2. Environmental Foundation of Jamaica (EFJ) = JMD$ 5,537,800.00
Dr. Lamm and his collaborators recognised the fragile nature of our local ecosystems and set out to address the incumbent threats of global warming, deforestation and agricultural/mining encroachment. Once an approach had been formulated then suitable funding sources were sought. Both grants were obtained through very competitive, open application processes involving various rounds of proposal examination. Applicant interviews and proposal presentations were also required as components of the selection procedure. Dr. Lamm gratefully acknowledges the support and encouragement of Dr. Debbie-Ann Gordon-Smith and Prof. Colin Gyles at UTech and Prof. Paul Reese (UWI). These are the first international and local grants the Faculty of Science and Sport has received since its establishment in 2009.
Dr. Lamm’s research project is entitled: "Analyses and Preservation of Endemic Jamaican Plants in the Cockpit Country Region". This project seeks to create a repository of non-polar, intermediate and polar extracts from endemic Jamaican plants of the Cockpit Country region (an area rich in unique habitats and organisms). This work is of particular importance as many of these inimitable species are threatened to the point of extinction. Special precautions will be taken during the collection process to minimise the project’s impact on this precious national resource. The project also aims to identify, promote and preserve endemic plants. This will be achieved through exposure and awareness to various levels of students on how drugs are discovered from natural sources and conservation issues through a hands-on workshop/training laboratory experience.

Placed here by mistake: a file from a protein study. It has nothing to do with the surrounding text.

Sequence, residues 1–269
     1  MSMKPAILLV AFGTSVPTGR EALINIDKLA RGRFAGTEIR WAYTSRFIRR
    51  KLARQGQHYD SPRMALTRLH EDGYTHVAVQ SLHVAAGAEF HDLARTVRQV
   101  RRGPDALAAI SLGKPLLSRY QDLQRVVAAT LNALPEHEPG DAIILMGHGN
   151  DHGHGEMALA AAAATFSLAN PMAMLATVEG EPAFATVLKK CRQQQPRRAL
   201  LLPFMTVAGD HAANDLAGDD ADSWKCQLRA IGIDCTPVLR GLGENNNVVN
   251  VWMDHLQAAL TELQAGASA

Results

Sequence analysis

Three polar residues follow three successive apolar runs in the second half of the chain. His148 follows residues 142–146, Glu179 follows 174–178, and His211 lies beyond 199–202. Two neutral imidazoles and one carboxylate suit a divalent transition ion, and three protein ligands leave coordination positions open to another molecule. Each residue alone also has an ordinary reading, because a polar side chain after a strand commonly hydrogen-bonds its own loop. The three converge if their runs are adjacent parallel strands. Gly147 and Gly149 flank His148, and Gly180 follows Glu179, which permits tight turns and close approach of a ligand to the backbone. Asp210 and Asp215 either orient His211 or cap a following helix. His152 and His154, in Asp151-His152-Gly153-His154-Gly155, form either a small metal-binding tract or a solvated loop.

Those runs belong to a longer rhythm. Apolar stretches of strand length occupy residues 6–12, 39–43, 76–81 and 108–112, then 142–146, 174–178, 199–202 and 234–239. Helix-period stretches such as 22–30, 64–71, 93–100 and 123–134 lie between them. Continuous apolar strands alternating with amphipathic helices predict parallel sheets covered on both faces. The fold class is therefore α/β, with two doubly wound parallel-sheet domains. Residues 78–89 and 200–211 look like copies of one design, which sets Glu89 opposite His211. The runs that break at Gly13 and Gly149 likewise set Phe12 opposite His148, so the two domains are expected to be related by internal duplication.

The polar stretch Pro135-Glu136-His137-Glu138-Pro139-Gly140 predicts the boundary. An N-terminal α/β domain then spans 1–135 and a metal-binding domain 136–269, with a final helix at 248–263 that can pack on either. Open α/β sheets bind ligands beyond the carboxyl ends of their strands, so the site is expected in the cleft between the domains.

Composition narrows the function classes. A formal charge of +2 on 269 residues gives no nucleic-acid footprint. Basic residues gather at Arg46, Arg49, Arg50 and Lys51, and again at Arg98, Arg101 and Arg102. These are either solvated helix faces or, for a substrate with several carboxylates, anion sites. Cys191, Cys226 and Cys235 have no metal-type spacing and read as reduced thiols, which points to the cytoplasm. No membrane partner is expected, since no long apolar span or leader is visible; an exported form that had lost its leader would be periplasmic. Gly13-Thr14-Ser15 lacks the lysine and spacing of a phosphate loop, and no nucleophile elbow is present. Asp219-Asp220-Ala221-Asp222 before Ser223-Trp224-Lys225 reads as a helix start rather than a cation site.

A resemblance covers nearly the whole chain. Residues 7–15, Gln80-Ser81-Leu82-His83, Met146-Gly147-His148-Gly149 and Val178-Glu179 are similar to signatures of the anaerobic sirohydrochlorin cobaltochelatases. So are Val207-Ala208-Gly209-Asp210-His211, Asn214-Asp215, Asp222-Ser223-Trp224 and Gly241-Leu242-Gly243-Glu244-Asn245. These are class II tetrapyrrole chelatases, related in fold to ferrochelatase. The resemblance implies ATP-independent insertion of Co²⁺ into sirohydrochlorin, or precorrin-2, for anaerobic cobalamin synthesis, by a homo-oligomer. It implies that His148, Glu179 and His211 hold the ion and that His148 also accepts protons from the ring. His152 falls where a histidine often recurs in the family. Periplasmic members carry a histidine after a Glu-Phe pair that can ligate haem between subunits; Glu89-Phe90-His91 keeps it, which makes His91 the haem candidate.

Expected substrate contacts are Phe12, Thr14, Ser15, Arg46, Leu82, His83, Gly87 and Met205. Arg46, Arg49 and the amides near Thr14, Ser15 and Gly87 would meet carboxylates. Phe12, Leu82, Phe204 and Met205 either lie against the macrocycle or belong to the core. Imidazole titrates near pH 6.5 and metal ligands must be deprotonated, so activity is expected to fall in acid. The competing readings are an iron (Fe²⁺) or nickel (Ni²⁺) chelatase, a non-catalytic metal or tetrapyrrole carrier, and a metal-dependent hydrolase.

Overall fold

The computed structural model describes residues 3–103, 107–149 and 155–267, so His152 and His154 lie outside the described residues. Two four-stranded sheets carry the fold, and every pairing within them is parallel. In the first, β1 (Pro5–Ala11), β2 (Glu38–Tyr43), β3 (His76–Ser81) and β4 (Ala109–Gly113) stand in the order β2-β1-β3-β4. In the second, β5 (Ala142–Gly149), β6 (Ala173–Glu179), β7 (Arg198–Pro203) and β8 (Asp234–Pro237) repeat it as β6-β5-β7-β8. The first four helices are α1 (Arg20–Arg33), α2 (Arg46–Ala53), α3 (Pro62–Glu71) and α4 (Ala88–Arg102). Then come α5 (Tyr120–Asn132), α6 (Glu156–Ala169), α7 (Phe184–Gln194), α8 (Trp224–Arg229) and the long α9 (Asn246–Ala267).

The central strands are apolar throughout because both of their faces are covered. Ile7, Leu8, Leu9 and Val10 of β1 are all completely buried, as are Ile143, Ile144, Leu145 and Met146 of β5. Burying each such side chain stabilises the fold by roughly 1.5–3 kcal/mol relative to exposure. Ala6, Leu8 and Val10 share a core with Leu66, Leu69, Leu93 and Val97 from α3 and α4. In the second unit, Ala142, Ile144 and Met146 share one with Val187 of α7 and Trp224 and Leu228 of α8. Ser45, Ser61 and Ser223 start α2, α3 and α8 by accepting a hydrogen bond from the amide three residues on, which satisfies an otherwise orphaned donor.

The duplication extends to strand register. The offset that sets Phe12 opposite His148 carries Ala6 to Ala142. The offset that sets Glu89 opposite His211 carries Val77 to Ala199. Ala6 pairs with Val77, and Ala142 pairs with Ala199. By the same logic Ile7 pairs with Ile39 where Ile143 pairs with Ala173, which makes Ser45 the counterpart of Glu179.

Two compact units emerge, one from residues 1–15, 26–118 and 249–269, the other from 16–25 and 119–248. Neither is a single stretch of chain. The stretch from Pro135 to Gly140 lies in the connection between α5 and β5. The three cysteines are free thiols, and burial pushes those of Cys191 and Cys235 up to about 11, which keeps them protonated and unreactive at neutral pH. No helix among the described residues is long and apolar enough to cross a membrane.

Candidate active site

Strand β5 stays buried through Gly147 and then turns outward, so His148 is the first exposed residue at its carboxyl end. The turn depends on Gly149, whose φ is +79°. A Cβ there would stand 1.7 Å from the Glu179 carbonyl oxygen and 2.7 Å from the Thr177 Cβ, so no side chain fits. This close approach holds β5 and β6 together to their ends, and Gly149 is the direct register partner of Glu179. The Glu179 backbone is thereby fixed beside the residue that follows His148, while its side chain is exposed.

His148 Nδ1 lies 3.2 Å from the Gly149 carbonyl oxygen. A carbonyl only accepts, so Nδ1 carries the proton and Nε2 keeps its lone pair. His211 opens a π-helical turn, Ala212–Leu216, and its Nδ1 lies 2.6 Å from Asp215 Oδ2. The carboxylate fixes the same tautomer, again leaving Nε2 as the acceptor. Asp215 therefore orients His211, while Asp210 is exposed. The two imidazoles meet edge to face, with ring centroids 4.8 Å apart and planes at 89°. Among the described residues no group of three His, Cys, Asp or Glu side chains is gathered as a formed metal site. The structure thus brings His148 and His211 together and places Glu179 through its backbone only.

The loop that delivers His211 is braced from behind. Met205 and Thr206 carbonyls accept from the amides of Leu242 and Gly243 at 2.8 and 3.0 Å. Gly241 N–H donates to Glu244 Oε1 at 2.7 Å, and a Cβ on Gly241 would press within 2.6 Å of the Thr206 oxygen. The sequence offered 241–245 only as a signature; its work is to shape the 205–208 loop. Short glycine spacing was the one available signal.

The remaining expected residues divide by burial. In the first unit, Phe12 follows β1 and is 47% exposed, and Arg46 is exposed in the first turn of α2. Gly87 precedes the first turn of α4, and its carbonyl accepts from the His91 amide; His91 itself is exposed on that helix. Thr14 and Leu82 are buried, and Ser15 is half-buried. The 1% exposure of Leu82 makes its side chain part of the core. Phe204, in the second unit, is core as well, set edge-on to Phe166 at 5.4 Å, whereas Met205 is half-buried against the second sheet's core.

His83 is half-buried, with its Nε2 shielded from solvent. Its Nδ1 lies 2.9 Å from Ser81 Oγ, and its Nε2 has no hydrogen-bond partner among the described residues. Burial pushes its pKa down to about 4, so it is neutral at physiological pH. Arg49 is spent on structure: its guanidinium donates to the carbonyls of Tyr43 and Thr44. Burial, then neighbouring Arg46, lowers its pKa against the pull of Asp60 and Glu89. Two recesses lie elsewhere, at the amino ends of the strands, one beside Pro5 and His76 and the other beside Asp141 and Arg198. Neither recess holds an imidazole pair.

The unexplored nature of the Cockpit country and its Karst topography increases the likelihood of finding novel compounds and materials which may be used in various applications. The project will sample a number of different endemic plant species in the Cockpit area, looking specifically for plant extracts which may be useful as anticancer, antibacterial, anti-inflammatory, herbicidal, insecticidal or antifeedant agents. Hopefully, new uses and methods of disease treatment and improved agricultural practices will be discovered and thus directly benefit the average citizen. Undoubtedly, new knowledge about the chemistry of these plants will be uncovered which will also benefit the conservation efforts well underway in the region. Ordinary citizens will also benefit from the use of the information which will be passed on via workshops, seminars, conferences and print. Additionally, CAPE level students will be able to participate in some of the research work through hands on teaching programs designed to interest students in conservation, medicinal chemistry and the sciences as well as provide a greater understanding of how compounds move from forest to pharmacy.
The initial research work is expected to take two years to complete. During the first phase a natural products research laboratory will be established at UTech which will be headed by Dr. Lamm. The second phase will involve the collection, extraction and analysis of specimen while the final phase will see the dissemination of results to all stakeholders.
The project will also host UTech graduate and undergraduate students on project related activities from which the former will receive MSc or PhD degrees while the latter will receive training, practical experience and course credits.